Our sample of 25 transition countries consists of four different groups of economies: the Visegrad countries (the Czech Republic, Hungary, Poland, and the Slovak Republic); the countries of the Balkan region (Albania, Bulgaria, Croatia, the former Yugoslav Republic of Macedonia, Romania, and Slovenia);6 the Baltic countries (Estonia, Latvia, and Lithuania); and the 12 Commonwealth of Independent States (CIS) countries (Armenia, Azerbaijan, Belarus, Georgia, Kazakhstan, the Kyrgyz Republic, Moldova, Russia, Tajikistan, Turkmenistan, Ukraine, and Uzbekistan). As demonstrated in Figure 1, the severity of the output decline varied considerably among these four groups of countries.7

Figure 1.Output Decline in Four Groups of Transition Economies, 1989–2002

Source: Country authorities.

Although output declined in all of these economies, there were significant differences in the transition paths: while the fall in output amounted to only 16 percent in the Czech Republic and Poland, it reached more than 60 percent in Georgia, Moldova, and Ukraine. Most economies recorded their trough (T) within the first five years of the transition process; however, Moldova and Ukraine reached their lowest point in real output only toward the end of the transition decade, in 1999. As can be seen in Figure 2, economic growth in the four groups of countries following the trough demonstrates a rather high degree of similarity. Accordingly, differences in the overall output performance are mainly explained by the intensity of the initial fall in output.

Figure 2.Output Recovery in Four Groups of Transition Economies

Source: Country authorities.

The Chinese transition process stands in sharp contrast to the developments in the transition economies of Central and Eastern Europe and the former Soviet Union, since China’s output did not decline in the course of transition (Figure 3). Indeed, if output developments in other transition economies are shown on the same scale as those for China with its rapid growth, their output decline appears rather shallow. There have been numerous attempts to explain this Chinese exceptionalism,8 with the majority of explanations converging on the combined effects of initial conditions, especially the low share of industry relative to agriculture, and broad macroeconomic stability.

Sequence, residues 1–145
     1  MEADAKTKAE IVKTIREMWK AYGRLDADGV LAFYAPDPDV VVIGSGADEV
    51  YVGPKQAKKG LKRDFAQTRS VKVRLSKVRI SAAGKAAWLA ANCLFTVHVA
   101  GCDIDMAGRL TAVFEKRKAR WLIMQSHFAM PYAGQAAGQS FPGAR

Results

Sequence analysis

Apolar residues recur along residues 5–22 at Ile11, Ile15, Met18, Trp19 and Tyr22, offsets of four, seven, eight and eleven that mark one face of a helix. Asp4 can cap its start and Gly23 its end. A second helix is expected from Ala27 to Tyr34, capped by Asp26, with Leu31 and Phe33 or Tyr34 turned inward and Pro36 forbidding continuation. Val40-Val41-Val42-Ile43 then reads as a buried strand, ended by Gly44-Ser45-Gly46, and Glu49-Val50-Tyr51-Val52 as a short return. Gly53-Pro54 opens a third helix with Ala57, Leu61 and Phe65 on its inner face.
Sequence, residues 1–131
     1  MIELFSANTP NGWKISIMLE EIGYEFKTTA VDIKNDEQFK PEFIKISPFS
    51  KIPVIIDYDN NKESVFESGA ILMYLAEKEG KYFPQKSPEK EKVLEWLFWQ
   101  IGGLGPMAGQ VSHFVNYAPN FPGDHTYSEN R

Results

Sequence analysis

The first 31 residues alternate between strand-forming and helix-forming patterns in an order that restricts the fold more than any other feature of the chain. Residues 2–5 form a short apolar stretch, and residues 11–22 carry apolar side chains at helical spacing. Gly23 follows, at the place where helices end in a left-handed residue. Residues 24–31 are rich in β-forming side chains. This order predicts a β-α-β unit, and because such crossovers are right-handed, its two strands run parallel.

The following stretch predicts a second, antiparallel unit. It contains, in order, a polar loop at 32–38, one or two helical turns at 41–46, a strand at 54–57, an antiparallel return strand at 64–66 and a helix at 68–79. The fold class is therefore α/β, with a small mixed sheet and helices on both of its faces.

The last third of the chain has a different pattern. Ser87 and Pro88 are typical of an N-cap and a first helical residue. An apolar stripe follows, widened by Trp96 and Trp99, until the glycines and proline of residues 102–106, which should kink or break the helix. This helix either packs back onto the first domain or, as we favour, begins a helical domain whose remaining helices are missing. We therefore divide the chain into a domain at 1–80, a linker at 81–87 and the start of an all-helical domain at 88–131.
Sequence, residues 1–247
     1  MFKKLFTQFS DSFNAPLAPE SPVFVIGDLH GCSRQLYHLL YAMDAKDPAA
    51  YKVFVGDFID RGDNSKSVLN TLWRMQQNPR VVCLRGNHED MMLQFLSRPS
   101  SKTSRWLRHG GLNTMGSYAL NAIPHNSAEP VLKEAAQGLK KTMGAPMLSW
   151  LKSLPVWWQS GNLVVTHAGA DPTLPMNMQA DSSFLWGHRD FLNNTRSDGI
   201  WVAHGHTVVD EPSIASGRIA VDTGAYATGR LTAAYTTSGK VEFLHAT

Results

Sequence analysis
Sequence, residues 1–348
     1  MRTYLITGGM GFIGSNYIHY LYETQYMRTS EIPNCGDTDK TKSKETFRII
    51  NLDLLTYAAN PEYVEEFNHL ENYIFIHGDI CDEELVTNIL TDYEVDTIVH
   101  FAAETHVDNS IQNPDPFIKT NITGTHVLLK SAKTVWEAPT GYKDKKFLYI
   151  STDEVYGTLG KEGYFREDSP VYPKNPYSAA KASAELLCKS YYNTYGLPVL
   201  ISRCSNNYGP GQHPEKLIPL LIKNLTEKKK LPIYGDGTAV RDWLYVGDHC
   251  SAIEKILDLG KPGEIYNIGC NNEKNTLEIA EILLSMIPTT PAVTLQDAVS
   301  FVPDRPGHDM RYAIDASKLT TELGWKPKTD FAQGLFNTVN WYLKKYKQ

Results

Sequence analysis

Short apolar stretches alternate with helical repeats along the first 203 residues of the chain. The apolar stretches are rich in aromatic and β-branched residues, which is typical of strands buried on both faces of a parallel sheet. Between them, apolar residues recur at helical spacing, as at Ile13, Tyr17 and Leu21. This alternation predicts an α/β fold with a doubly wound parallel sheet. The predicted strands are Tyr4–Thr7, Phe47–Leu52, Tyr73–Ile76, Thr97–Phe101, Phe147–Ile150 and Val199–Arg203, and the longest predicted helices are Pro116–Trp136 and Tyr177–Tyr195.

Figure 3.Evolution of Real GDP for China and Other Transition Economies since the Onset of Transition

Source: Country authorities.

III. Legacies

A. Common Soviet Legacies

In our analysis, we employ the two key assumptions that (a) Soviet policies were detrimental to developing market institutions, as set out above; and that (b) different transition countries started the transition process with different endowments of Soviet legacies. At the outset of transition, specific legacies were either weak (for example, in the Central and Eastern European (CEE) countries) or absent (as in the CIS countries). The difference between “weak” and “absent” is essential, and it is this difference that is exploited in the paper. Table 1 summarizes the legacies, which in our view have had the greatest influence on the performance of former socialist economies during the transition process.9

Table 1.Soviet Legacies at the Outset of Transition1
LegacyEffect
Weak/absent markets (especially for capital, foreign

exchange, energy, housing, and labor)
  • Sharp deviations of domestic prices from world market prices
  • Capital- and energy-intensive production structure with a bias against consumption goods
  • Low labor mobility
  • Widespread quasi-fiscal activities
  • Noneconomic locational decisions resulting in large-scale, horizontally and vertically integrated companies, one-company towns, and high transportation costs
  • Absence of well-defined property rights
  • Very limited trade with countries outside COMECON
Weak/absent private sector activity
  • Hostile business environment
  • Difficulties in privatization
Weak/absent tax systems
  • Institutional weaknesses in tax collection agencies
  • Widespread tax exemptions and corruption
Weak/absent commercial banking sector
  • Low quality of banks and loans
  • Fragmentation of banking sector with weak new institutions (“pocket banks”)
Weak/absent legal systems
  • Political influence on court decisions
  • Absence of clearly defined property rights
  • Corruption/political approach to legal norms
  • “Telephone” law